This economist debunked all the right-wing talking points about the Green New Deal

Salon spoke to an economist about the practical implementation of a Green New Deal

By Matthew Rozsa

Staff Writer

Published September 2, 2019 7:30PM (EDT)

Alexandria Ocasio-Cortez (AP/Cliff Owen)
Alexandria Ocasio-Cortez (AP/Cliff Owen)

Just as the 1930s constituted the New Deal Era, the 2020s may very well end up being the Green New Deal Era. Problem is, many Americans have a lot of trouble believing a large-scale public works project comparable to the original is possible — perhaps due to decades of negative right-wing rhetoric that has painted government public works projects as impossible or "socialism." Sen. Marco Rubio (R-Fl.), for instance, derided the Green New Deal as "a publicity stunt designed to pander to a progressive base seeking to repackage socialism that will do nothing to address the actual problems Americans face every day."

For the skeptics (like Rubio) out there who paint such a policy as a mere publicity stunt, we spoke to an economist to get the scoop. How realistic is a Green New Deal? And is it mere "pandering," as Rubio claims?

For background, the term "Green New Deal" is a direct reference to the New Deal programs passed by President Franklin D. Roosevelt in the 1930s. Its underlying premise is that, just as Americans from that era needed to combat the Great Depression through active and creative government involvement in the economy, so too do Americans today need to simultaneously fight global warming, income inequality and other forms of social injustice through proactive, progressive legislation.

In the past, Salon has turned to politicians who have pioneered the policy outlines of a Green New Deal (GND) for answers, foremost among them Gov. Jay Inslee of Washington (a Democrat who until recently was one of the 2020 presidential candidates). To get into the nitty-gritty of GND, Salon spoke with Mitchell Green, who has a Ph.D. in Economics from the University of Missouri at Kansas City and works as an energy economist in the public utility sector in the Pacific Northwest. He also teaches introductory courses in economics at Portland Community College, is a research scholar with the Global Institute for Sustainable Prosperity and is a charter member of the Modern Money Network.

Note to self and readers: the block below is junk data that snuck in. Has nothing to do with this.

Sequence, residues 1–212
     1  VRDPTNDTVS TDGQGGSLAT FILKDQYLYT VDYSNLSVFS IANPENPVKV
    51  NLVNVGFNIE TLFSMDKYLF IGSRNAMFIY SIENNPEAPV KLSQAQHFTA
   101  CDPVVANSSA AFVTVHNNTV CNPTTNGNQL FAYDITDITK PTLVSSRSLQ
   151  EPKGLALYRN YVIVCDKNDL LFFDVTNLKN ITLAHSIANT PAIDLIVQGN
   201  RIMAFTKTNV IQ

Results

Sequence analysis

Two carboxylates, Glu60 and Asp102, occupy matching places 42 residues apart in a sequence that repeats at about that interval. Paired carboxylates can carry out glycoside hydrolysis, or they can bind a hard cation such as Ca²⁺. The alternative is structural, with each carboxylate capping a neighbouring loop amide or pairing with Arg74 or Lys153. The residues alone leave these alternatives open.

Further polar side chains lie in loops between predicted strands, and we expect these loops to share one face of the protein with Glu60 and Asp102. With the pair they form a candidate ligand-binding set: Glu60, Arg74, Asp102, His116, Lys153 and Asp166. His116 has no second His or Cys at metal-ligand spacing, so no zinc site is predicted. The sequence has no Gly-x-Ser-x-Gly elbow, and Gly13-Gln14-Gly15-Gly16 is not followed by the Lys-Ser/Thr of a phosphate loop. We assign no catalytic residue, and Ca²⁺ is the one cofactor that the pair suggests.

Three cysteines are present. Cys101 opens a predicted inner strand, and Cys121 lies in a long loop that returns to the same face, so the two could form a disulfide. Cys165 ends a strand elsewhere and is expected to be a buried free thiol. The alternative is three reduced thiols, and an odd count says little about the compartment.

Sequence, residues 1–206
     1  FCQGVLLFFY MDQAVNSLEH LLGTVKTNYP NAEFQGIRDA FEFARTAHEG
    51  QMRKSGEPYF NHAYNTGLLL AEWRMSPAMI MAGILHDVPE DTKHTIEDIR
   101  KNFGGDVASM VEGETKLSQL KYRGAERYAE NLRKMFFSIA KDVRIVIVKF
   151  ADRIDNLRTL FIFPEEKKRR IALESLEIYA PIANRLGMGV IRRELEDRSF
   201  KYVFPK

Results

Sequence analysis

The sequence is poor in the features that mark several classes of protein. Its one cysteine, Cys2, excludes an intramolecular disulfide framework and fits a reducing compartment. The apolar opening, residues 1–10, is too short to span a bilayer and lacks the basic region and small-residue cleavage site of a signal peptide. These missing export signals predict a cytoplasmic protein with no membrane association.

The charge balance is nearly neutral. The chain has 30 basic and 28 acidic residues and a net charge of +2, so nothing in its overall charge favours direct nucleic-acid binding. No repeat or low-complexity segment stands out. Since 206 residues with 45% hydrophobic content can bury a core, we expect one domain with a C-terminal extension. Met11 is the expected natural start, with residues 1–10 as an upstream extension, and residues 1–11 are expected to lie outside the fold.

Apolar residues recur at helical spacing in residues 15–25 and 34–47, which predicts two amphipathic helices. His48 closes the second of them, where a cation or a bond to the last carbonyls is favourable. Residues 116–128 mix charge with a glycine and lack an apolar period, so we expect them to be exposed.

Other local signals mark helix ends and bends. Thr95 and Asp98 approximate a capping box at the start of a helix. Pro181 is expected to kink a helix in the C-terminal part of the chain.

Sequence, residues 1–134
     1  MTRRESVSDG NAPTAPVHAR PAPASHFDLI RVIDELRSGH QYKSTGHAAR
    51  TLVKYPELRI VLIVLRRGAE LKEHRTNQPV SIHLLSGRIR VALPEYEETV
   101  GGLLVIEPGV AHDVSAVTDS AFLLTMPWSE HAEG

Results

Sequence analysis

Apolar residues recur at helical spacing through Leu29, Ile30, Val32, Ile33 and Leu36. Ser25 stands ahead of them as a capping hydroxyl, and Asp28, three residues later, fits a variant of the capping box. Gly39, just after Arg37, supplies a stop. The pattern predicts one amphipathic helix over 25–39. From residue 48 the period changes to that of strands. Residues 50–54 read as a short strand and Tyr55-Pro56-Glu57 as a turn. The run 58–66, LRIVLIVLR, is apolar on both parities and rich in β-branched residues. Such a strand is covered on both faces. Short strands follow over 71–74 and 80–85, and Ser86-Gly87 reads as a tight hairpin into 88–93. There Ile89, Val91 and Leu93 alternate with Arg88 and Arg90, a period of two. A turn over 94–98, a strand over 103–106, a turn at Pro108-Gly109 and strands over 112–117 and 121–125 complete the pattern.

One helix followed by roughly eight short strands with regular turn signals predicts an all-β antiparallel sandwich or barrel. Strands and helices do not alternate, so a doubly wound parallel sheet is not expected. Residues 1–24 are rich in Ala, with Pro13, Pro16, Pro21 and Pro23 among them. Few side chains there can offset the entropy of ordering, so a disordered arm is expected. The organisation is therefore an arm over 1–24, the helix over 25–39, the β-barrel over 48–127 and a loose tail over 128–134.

I'd like to start by asking a common skeptical question: How are we going to pay for a Green New Deal?

Oh boy, you're asking a tough question. I come from a tradition in macroeconomics that turns the sort of spending problem on its head a little bit. I'm sure you've heard of modern monetary theory, and I would say that if we want to do a Green New Deal, what we're basically committing to is a legislative overhaul and a re-articulation of our priorities, and reconfiguration of our institutions.

So to pay for something like that would require congressional commitment to authorize the spending, to go out to procure the resources and make our society cleaner and greener.

I think what, typically people are asking for, is "Okay, who are you going to tax to pay for it?" And I say that's sort of a tertiary question. I think the federal government, United States has the ability to basically spend without limits, subject to resource availability and the financing within that can follow that.

That does make sense. So, I guess the next question then is, what happens to people who work in coal mines? Is that something where they will lose their jobs if the Green New Deal is implemented?

Yeah, I would make the argument that thinking about the just transition aspects of the Green New Deal needs to be forefront. We have to center workers in something like this. So coal mining needs to go away, right? But good paying union jobs don't need to go away. So I think that if you're displaced as a function of making a rapid transition to a renewable energy economy, part of that package or that Green New Deal needs to provide a jobs guarantee for folks who are displaced against no fault of their own in a sort of organized labor sector with the basic benefits package and have like a sort of retraining program, a pathway to provide those workers high paying jobs in the clean energy–type sector.

What would a Green New Deal do in terms of ordinary people's lives? If a person who has a 9 to 5 job that wouldn't be directly impacted by this sector were to live in a post–Green New Deal society, what would that look like for them?

So let's just think about a day in the life of an average person in a city. A post-Green New Deal experience would have going to work on public transit or by walking or bicycling because we've made investments in walkable transportation-oriented cities. Not engaging in fossil fuel extraction, of course, but engaging in a labor process that produces sustainable commodities. In the community, those individuals might enjoy public utilities that are largely subsidized at federal expense. So that way the brunt of the rate impacts of a rapid transition to renewables is not born wholly upon rate-payers and participating in things like a community-oriented provisioning system like Victory Gardens, neighborhood organizing and the like.